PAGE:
Simon Yates' time loss to Sunweb's Tom Dumoulin, Domenico Pozzovivo (Bahrain-Merida) and Chris Froome (Team Sky) on the final climb up to Prato Nevoso was nothing to be concerned about, Yates' Mitchelton-Scott directeur sportif Matt White said after stage 18, and that better was to come on Friday's 19th stage to Bardonecchia, which is far more suited to the race leader's skill-set – even though the attacks will come from their rivals.
The Australian team's no-nonsense Aussie DS was never going to dance around the subject, plainly answering reporters' questions at the finish while maintaining a positive outlook on Yates' chances for the rest of the race.
"It's not ideal that Simon lost time today, but it was a climb that really suited Tom," White said. "It was a power climb – one effort – and we know how powerful Tom is in short efforts. Tomorrow we go back into the real mountains, and it's going to be a bit of a grind tomorrow, so it'll be a different bike race all together."
Asked whether it was a surprise that Yates lost so much time over just a couple of kilometres, White suggested that it was a mere blip on an otherwise virtually faultless performance by his rider over the last two-and-half weeks.
"Maybe it was a bit of a surprise, but that's because Simon hasn't shown any weakness for 19 days," said White. "But if that was a climb of seven or eight kilometres at 10 or 12 per cent, it would have been a different climb all together. Simon's a pure climber, and that was pretty flat and fast today [Thursday] in the final, so it's not ideal, but these next two days are real Alpine climbs and they fall more into Simon's category.
"Tom could have a bad day tomorrow, too," he pointed out. "He's gone very deep today for those last couple of minutes. No one knows how guys are going to react in the third week, and if that was Yates' bad day at this tour, then, well, that's not so bad."
As to whether such a scenario had been talked about on the team bus before the stage, White revealed that the team doesn't concern itself with talking about losing time.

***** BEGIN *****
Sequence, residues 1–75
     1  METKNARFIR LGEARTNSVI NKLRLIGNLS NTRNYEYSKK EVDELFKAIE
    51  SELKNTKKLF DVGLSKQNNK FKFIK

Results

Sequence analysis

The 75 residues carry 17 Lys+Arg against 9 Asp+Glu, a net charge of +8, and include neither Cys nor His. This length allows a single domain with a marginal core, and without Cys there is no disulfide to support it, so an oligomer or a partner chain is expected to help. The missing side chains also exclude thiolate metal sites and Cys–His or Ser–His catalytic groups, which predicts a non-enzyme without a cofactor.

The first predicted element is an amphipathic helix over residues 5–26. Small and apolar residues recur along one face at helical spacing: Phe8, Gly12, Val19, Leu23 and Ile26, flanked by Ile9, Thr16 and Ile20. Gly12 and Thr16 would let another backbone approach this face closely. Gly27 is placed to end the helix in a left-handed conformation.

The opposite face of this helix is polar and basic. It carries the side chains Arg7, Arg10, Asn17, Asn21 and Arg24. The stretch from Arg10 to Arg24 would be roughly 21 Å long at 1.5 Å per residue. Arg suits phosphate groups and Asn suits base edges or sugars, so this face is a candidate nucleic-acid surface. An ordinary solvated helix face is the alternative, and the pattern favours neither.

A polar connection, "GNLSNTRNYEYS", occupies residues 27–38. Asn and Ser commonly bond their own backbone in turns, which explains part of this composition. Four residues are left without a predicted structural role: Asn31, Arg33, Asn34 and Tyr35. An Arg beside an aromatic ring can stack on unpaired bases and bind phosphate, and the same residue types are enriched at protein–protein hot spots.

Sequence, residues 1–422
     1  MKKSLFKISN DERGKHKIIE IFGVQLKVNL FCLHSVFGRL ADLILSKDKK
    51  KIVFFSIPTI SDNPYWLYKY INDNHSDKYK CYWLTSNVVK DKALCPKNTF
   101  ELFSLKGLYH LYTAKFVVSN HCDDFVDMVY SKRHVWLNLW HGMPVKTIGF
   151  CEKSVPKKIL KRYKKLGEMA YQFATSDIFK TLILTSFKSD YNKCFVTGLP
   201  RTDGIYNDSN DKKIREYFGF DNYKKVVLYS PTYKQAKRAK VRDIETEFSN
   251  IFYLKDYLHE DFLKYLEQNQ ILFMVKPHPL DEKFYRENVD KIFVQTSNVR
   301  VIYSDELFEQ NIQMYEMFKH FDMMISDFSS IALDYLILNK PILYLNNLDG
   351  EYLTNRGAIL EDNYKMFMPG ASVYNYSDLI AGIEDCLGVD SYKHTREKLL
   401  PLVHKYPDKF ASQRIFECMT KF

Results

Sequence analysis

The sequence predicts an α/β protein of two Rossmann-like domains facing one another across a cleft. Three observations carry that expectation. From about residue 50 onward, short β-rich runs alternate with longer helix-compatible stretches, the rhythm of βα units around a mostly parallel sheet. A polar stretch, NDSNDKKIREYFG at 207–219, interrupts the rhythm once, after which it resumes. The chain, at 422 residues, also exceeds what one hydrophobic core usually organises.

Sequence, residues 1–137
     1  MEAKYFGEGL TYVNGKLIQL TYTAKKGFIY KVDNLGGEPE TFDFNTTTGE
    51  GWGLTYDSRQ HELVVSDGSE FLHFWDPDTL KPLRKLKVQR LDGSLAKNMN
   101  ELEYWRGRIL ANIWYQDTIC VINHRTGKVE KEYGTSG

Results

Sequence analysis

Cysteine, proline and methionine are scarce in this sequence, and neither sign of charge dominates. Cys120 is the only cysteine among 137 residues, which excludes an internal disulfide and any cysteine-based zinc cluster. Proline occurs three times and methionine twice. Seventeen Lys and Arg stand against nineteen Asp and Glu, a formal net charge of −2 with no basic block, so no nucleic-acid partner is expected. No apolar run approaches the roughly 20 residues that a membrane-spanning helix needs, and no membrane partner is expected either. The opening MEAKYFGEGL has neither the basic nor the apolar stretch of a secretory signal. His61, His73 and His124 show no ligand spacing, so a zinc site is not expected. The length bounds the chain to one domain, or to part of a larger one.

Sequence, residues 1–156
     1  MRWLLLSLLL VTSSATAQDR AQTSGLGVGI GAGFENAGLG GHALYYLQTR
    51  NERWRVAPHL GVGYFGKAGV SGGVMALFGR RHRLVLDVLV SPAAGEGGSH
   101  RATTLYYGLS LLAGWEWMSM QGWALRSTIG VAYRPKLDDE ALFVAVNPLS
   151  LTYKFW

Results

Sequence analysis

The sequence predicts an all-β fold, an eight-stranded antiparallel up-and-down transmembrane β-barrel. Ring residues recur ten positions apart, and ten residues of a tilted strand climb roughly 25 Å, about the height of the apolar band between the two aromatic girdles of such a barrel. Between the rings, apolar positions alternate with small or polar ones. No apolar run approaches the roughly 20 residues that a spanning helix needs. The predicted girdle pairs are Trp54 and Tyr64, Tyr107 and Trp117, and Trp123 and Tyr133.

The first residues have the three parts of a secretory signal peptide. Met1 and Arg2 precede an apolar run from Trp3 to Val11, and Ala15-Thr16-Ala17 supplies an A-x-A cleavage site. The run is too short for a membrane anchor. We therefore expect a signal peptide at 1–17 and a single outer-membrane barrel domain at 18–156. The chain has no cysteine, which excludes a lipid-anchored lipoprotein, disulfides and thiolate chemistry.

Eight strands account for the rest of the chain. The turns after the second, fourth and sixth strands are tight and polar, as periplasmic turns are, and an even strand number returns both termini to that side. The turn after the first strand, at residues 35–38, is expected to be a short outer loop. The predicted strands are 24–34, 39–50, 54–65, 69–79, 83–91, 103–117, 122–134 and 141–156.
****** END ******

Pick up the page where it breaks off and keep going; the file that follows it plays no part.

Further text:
"For 19 days we've talked about gaining time, so it's the first time since we started that we've lost any time," he said, not including the 1:15 that Yates lost to Dumoulin during Tuesday's time trial. "It is what it is. Simon's healthy and feeling good, and we rested a couple of guys today, so we're ready for the battle in the next two days.
"I'm sure Tom's going to be pretty excited that he's put some time into us, because it's the first time anyone's put any time into Simon the whole tour. But everyone's going pretty deep in those elite five or six guys at the top of the GC, and it's really how they back up and handle tomorrow.
"Tomorrow is an incredibly tough day," White said of Friday's 19th stage, which includes the famous climbs of the Colle delle Finestre and Sestriere, and a summit finish on the Monte Jafferau, above the town of Bardonecchia. "But it's not a day where you can be explosive, because it's just such a tough grind.
"We know we've got a strong team here. We know that tomorrow on the Finestre we're going to get attacked. Sky will attack us on the Finestre tomorrow, and I wouldn't be surprised if Pozzovivo tries. And they will try on the Finestre because I think if they wait until the last climb of the day, if Simon's on a good day, then there's no time to make any difference. Chris Froome has to go. Chris Froome wants to win this tour, or at least get on the podium, and if he leaves it until the last climb of the day, he won't be on the podium."
Are Yates' rivals likely to try to isolate him on the climbs?
"They'll try but we've got Jack Haig, Mikel Nieve… I've got a fair idea of the other teams' plans for tomorrow," said White. "It's not rocket science, and we're not going to go down without a fight, that's for sure."